For many of us, leaving our native country for greener pastures has become the most important decision ever made that dramatically changed our lives for the better. Even though for some moving abroad still seems like a dream, becoming an expat is easier than you might imagine, if you have some basic skills and knowledge about your opportunities. Here are some of the tips that helped me during my move abroad.
- Get a college degree if you don't have one yet. Education is one of the most important things an employer abroad looks at while examining your resume. Granted, not all degrees have the same weight so a degree from a top university would be a great bonus when applying for jobs. A master's is even better and it opens your opportunities even more – you can apply to study one year abroad with various scholarships and learn the language in that country.
- Research, research, research. The best way to get a proper experience of the country you're aiming for is to read whatever you can about it. Try to learn the language, investigate the culture and start early on research visas. Visas and taxes can be one of the most stressful things for expats so the sooner you dive into the issue, the better. Furthermore, be upfront with potential employers and state your visa status clearly. Don't lead someone on with false promises if you're serious about changing your life.
- Be prepared for the change. One of the most challenging things about going expat isn't necessarily the actual move, house hunting or visa formalities. Culture shock is a big issue most of newbie expats deal with when changing countries, even when making the move from the US to the UK. Culture shock is a process that affects people from all walks of like differently, being characterized by homesickness, boredom or hostility towards the new culture. Culture shock can behave differently for each one of us so make sure you deal with these issues when the novelty of your new place wears off.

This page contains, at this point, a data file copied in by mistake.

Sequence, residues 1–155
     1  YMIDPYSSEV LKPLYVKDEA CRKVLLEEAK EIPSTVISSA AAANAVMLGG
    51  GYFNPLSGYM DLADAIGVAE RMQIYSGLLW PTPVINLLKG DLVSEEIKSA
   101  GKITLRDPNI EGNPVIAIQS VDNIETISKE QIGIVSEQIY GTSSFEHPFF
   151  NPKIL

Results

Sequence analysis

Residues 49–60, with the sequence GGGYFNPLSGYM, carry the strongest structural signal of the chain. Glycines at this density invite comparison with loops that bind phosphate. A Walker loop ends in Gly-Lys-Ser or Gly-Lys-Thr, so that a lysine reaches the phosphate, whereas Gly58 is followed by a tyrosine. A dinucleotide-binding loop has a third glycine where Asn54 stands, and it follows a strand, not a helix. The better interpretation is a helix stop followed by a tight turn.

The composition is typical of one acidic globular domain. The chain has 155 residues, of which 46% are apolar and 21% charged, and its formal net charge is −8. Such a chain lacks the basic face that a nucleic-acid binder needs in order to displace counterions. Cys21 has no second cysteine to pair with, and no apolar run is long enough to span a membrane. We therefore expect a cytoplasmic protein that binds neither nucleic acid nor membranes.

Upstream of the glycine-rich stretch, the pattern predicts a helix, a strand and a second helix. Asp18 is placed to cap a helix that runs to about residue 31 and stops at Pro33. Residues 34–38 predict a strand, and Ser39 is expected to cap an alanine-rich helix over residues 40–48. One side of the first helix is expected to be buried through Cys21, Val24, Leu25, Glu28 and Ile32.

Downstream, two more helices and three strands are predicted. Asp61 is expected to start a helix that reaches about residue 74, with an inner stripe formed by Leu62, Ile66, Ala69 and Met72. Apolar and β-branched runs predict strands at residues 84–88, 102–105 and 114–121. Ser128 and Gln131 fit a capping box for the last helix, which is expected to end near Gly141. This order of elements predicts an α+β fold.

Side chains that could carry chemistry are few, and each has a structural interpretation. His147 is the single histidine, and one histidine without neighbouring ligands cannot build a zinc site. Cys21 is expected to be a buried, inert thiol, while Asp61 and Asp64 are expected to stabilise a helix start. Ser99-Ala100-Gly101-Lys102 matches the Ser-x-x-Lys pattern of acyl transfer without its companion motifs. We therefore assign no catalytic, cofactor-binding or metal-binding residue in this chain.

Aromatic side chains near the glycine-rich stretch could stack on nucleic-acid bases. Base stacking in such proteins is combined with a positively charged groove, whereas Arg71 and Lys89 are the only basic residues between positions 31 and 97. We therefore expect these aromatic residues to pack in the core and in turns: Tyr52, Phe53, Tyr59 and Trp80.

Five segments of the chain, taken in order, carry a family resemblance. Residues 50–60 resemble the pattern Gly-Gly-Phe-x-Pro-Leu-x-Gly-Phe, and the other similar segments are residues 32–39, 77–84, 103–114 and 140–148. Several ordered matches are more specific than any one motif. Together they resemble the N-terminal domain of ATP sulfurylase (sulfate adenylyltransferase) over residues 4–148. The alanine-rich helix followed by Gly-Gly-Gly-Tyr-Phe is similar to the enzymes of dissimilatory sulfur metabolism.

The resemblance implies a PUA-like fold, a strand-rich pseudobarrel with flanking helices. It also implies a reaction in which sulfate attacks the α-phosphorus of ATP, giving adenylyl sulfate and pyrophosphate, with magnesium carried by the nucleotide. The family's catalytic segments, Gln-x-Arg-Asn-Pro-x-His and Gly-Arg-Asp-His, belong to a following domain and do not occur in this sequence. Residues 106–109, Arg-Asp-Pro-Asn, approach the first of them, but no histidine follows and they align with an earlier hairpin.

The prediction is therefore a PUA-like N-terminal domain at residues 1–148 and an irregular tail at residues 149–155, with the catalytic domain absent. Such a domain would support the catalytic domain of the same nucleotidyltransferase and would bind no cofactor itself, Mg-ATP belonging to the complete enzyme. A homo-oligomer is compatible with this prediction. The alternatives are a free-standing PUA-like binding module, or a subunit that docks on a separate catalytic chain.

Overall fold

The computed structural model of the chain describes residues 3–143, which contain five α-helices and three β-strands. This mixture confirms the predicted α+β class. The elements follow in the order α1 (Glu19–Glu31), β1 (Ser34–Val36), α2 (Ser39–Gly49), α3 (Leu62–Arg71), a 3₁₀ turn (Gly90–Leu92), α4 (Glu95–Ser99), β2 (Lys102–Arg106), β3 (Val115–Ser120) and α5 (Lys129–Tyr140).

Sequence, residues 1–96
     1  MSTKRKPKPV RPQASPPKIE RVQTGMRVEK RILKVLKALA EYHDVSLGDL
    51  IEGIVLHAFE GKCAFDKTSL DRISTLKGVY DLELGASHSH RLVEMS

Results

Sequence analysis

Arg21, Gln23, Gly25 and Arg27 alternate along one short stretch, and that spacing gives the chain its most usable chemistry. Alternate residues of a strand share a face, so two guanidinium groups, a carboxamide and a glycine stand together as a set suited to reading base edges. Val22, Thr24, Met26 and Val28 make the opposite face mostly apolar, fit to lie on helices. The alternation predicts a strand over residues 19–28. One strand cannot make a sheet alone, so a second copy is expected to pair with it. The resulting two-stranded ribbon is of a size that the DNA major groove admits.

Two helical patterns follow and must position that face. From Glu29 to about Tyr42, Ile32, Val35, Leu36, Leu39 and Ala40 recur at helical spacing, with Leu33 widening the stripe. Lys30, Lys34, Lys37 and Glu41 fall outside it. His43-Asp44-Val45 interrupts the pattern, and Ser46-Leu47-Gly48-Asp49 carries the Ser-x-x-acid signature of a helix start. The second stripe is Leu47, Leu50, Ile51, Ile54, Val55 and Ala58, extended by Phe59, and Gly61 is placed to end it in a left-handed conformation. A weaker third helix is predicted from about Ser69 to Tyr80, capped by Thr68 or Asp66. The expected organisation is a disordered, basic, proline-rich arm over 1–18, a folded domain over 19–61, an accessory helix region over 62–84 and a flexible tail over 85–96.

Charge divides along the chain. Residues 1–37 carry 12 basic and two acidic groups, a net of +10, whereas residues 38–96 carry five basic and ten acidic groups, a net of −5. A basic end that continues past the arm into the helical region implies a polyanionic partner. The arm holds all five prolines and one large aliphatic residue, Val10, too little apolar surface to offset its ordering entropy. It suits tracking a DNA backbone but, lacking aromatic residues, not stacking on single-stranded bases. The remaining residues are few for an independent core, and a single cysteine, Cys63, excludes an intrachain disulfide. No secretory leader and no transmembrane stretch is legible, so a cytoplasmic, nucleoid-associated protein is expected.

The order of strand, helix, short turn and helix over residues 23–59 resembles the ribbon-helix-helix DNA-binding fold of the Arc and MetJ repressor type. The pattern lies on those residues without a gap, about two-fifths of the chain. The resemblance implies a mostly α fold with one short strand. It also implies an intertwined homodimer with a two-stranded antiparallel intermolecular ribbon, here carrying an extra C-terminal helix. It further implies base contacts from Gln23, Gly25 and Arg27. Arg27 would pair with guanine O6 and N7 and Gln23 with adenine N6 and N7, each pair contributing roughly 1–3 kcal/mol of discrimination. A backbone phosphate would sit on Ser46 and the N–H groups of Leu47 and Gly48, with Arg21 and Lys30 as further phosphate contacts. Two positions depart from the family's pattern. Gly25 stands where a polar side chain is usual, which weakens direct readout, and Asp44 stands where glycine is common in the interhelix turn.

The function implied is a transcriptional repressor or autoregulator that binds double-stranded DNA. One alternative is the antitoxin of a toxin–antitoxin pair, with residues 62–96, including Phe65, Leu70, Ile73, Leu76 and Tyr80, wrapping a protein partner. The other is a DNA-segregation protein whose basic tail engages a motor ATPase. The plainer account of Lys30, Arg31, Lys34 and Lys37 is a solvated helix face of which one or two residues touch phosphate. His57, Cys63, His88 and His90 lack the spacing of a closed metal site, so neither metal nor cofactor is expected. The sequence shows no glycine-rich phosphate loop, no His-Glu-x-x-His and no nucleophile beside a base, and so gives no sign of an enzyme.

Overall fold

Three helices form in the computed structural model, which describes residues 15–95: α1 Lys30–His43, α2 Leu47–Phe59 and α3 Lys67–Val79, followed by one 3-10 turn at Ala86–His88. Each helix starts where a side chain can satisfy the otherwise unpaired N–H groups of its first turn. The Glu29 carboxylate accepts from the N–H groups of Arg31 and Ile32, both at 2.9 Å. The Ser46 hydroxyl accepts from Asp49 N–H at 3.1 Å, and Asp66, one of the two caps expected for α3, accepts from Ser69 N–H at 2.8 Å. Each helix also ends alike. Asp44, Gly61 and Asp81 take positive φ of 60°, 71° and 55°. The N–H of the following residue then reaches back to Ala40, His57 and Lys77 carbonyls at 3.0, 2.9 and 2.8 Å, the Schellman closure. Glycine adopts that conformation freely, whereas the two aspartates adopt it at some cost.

- Socialize & network. Staying in touch with your loved ones or making new friends is one of the key aspects of getting into or getting used to a new country. Make an effort not to loose touch with the people you left back home, you won't find a replacement for family or friends you've known most of your life. Also, try to meet new people and socialize as often as possible – they will be your guides in the new world, will offer you valuable information or practical advice.
- Give up most of the things you own. You know that feeling of liberation when you move into a new apartment and you get rid of old junk you were holding onto? Imagine this feeling multiplied when you see you can fit your entire life into a big suitcase. Sell all the things you own and no longer need and stick to the basics – the sooner you do this, the better. You'll save a lot by buying things you need from the adoptive country rather than moving them overseas.
Now it's your turn. What are some of the tips and tricks you've found useful in your move?